curatorship


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  • noun

Words related to curatorship

the position of curator

References in periodicals archive ?
Since 1994, the Center for Curatorial Studies and its graduate program have provided one of the world's most forward thinking teaching and learning environments for the research and practice of contemporary art and curatorship.
Children's filmmaking has been interpreted as curatorship of self (Potter, 2010), while others have examined children's use of kineikonic or moving images in film (Burn, 2009; Burn & Parker, 2003; Mills, 2011c).
Vaughan Fashion Costume Curatorship, on her textiles research in Oaxaca, Mexico.
The library itself--owned and supported by the foundation under the curatorship of the University of Maryland--I considered a professional and academic extension of the electronic media that had grown from Marconi's experimentation a century before, and the Giants of Broadcasting was established in 2003 to help bring a professional focus on the history and traditions of an industry still imbued by the difference it has wrought in the world of communication, and told through the lives and careers of those who have had the greatest impact upon it.
Snickars and Vondereau (2009) organize a reader on YouTube in six sections, corresponding to the different approaches scholars have taken: mediality, usage, form, storage, industry, and curatorship (pp.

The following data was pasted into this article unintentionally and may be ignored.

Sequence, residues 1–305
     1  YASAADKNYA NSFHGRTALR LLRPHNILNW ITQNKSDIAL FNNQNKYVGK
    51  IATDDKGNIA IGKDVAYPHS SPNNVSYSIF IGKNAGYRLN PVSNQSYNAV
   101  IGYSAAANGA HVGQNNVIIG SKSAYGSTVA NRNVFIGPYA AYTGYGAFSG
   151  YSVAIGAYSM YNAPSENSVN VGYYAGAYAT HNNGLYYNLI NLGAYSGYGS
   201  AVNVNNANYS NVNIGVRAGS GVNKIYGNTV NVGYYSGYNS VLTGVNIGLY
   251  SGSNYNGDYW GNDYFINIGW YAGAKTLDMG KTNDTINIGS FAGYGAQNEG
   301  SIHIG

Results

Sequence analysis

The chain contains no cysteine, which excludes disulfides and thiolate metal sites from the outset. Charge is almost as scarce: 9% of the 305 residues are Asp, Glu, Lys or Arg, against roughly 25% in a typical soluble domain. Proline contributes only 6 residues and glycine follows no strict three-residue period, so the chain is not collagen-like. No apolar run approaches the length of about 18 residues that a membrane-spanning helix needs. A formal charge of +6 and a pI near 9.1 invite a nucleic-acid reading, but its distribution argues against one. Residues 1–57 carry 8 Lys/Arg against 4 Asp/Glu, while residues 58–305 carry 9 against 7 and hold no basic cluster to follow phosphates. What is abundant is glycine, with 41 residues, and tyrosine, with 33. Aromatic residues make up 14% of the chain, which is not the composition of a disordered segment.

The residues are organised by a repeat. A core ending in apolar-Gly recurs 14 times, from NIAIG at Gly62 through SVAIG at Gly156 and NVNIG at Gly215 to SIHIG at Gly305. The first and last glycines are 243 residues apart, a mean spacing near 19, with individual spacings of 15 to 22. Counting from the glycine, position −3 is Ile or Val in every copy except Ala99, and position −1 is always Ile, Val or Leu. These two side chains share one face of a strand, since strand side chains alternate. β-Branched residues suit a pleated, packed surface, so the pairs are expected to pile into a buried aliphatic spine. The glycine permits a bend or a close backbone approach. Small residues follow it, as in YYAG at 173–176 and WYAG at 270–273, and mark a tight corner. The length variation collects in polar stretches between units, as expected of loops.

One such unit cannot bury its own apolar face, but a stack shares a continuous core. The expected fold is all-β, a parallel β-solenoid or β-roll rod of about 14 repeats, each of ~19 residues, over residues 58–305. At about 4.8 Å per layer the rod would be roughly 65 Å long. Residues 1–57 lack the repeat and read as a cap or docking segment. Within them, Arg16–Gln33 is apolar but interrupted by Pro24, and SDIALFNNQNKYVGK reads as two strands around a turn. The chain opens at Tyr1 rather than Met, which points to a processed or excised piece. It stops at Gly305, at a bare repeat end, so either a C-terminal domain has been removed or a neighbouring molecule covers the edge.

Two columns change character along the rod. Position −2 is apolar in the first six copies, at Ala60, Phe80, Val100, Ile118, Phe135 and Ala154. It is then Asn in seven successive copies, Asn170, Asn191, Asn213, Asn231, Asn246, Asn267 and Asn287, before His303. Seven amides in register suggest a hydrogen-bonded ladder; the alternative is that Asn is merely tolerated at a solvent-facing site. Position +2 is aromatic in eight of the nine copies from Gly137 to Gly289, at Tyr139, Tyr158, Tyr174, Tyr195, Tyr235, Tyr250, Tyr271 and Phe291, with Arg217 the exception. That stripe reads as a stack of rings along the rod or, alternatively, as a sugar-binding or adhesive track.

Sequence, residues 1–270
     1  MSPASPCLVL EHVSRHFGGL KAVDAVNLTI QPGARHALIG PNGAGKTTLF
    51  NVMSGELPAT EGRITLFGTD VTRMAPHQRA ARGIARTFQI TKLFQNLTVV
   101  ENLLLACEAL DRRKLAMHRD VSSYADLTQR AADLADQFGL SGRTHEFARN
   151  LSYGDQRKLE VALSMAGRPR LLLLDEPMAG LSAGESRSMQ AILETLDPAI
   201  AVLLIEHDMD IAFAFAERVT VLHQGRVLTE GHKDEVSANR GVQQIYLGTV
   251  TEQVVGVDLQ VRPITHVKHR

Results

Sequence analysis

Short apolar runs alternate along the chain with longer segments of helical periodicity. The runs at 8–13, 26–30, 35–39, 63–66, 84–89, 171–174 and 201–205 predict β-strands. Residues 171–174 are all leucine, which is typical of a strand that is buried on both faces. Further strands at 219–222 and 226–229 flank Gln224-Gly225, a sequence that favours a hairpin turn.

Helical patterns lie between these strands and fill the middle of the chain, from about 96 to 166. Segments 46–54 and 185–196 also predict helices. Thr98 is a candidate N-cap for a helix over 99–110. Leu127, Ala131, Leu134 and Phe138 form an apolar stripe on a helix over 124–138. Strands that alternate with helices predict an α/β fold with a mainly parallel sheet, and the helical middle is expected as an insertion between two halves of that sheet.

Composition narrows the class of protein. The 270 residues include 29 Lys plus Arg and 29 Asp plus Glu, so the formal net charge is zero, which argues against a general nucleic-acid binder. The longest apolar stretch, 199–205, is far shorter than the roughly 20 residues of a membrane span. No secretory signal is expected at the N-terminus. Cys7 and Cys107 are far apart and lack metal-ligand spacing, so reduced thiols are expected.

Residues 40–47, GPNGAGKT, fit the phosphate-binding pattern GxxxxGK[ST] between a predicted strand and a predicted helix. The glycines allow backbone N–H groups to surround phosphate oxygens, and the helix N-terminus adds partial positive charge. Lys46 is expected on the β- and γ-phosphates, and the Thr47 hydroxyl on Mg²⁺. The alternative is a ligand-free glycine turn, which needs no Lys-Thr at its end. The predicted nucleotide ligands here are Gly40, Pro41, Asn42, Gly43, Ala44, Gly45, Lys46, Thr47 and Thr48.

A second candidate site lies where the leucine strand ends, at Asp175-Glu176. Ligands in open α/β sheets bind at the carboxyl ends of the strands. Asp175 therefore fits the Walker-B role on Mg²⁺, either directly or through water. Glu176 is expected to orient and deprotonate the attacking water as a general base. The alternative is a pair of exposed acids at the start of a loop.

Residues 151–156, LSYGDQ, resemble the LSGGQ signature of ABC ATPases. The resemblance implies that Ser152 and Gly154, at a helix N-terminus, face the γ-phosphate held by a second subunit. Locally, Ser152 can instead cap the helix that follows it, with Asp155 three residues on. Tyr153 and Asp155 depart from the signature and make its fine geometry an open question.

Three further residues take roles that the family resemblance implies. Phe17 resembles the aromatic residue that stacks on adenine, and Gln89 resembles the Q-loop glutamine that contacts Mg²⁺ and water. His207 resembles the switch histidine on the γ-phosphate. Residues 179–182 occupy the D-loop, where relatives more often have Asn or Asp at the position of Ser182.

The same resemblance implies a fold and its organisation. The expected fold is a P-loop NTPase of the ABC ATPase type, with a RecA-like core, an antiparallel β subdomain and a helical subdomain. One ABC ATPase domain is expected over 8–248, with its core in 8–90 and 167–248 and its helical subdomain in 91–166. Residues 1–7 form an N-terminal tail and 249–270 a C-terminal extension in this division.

I am contemplating taking up curatorship as a profession," said the man who has been employed with the CAG for almost 20 years.
the MDC national council on Saturday 26th April 2014 suspended Tsvangirai and his accomplices and placed the party under the curatorship of the Guardian Council.
It is almost as if imaginative and innovative curatorship, combined with the highest standards of presentation, is no longer the exception but the rule.
b) the attribution, exercise, delegation, restriction or termination of parental responsibility regarding issues such as: (a) rights of custody and rights of access; (b) guardianship, curatorship and similar institutions; (c) the designation and functions of any person or body having charge of the child's person or property, representing or assisting the child; (d) the placement of the child in a foster family or in institutional care; (e) measures for the protection of the child relating to the administration, conservation or disposal of the child's property.
New ways of experiencing culture, the role of museums and marketing implications, Museum Management and Curatorship 19(4): 417-425.
Failing this, or where no family members are available, curatorship should be sought.
emancipation, tutorship, interdiction, curatorship, filiation, annulment
The new exhibition, unveiled in June 2013, was initiated and financed by the Israeli government (with the assistance of the Claims Conference, and in coordination with the Auschwitz-Birkenau State Museum) which charged Yad Vashem with the curatorship and production.
Far from being simply about the passive curatorship of art, architecture, and history, Toxey argues that the state-sanctioned effort to preserve the past is a powerful tool for political and social control that generates significant social and economic change.